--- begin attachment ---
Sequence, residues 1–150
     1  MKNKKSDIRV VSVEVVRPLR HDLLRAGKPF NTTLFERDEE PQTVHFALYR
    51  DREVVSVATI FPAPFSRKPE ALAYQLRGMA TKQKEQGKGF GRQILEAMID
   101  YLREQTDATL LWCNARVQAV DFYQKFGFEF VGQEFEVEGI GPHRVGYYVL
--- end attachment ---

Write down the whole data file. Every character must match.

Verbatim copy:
Sequence, residues 1–150
     1  MKNKKSDIRV VSVEVVRPLR HDLLRAGKPF NTTLFERDEE PQTVHFALYR
    51  DREVVSVATI FPAPFSRKPE ALAYQLRGMA TKQKEQGKGF GRQILEAMID
   101  YLREQTDATL LWCNARVQAV DFYQKFGFEF VGQEFEVEGI GPHRVGYYVL